“It was very good. Predictably, as I thought pre-race, Moreira would try and torch him in the first half of the race – which he did, he really went out hard and tried to make it hard for both of us, really,” Purton said.
“My bloke, to his credit, it was only his second start in a race, he had to absorb all of that and he actually got stronger as the race went on. It was a really good performance. They just don’t do what he just did – it was special.
“He got it put to him today and he had to find and he didn’t just find, he put them away.”
Blake Shinn and Hayes are upbeat over Lord Thunder’s potential after gelding blazed to a four-length victory in the second section of the Class 4 Chengdu Handicap (1200m) to maintain his unbeaten record after two starts despite shifting ground late.
“He just needed a friend in the straight, bit similar to his first start – he was probably going to win by three lengths but just got lost when he went past the second horse,” Shinn said.
“On one hand, it’s probably a little bit exciting because there’s more room to improve but when he goes up in class, he’s probably got to rectify those little habits. But the great thing is that he’s learning, he’s talented and he’s progressive, so that’s great.”
Hayes believes experience will improve the chestnut’s racing manners.
“Blake has done a very good job on this horse, he was a difficult horse. When he arrived, he wanted to over-race and Blake spent a lot of time on him, riding him every day to keep him relaxed and when he’s relaxed, he can go to the upper class.”
Purton and Hayes teamed up with Master Montaro, who overcame a tricky draw (gate nine) to land the Class 2 Beijing Handicap (1400m) under a brilliant Purton ride.
“I give all the credit for the win to Zac Purton – of course, the stable has done a great job – it was the best ride he’s done for me since he’s been in Hong Kong,” Hayes said.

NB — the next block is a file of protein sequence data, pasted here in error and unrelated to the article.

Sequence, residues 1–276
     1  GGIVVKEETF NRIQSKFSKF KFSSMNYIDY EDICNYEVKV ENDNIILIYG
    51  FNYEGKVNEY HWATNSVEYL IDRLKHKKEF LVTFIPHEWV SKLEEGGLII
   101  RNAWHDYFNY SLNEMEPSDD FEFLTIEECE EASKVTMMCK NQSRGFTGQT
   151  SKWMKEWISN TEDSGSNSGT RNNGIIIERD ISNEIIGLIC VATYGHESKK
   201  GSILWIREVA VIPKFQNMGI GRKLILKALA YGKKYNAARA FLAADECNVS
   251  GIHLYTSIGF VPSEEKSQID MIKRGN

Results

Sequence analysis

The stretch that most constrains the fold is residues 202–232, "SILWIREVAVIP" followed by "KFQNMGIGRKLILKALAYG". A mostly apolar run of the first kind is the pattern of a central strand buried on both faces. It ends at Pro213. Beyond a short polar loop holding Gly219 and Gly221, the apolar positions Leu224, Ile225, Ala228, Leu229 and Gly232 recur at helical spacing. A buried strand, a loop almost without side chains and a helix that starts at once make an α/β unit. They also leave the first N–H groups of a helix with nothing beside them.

Chris So notched a double with Purton coaxing the best out of first-starter Good News in the first section of the Class 4 Chengdu Handicap (1200m) before Vagner Borges delivered Copartner Era with a well-timed surge in the Class 4 Nanning Handicap (1600m).
So is excited by Good News’ potential after the four-year-old validated strong lead-up trials with debut success.
“There was a lot of pressure – everybody put their money on,” So grinned. “The horse is good, since last year at the trials he has showed that in his performance. “He’s a nice one, he should go further in the future – I hope he can improve and keep going.
Dylan Mo posted his first victory of the season aboard veteran Mister Monte, winner of the Class 5 Shenyang Handicap (1800m). The eight-year-old’s fourth triumph at his 53rd start delivered Michael Chang’s third winner for the season.
Frankie Lor’s Xiang Yin broke through at his 15th start for Karis Teetan to snare the Class 4 Jinan Handicap (1400m). Lor sealed a double with All For St Paul’s under Matthew Poon in the Class 3 Chongqing Handicap (1600m).
Moreira and John Size closed the programme with Drops Of God’s success in the Class 3 Tianjin Handicap (1200m).